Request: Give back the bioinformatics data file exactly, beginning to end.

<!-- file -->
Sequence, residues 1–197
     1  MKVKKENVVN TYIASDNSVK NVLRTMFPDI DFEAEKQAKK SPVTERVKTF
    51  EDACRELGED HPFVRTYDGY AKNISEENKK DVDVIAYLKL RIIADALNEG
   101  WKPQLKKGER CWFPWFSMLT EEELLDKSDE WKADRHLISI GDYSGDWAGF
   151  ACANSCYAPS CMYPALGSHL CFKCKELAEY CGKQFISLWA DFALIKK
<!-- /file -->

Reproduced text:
Sequence, residues 1–197
     1  MKVKKENVVN TYIASDNSVK NVLRTMFPDI DFEAEKQAKK SPVTERVKTF
    51  EDACRELGED HPFVRTYDGY AKNISEENKK DVDVIAYLKL RIIADALNEG
   101  WKPQLKKGER CWFPWFSMLT EEELLDKSDE WKADRHLISI GDYSGDWAGF
   151  ACANSCYAPS CMYPALGSHL CFKCKELAEY CGKQFISLWA DFALIKK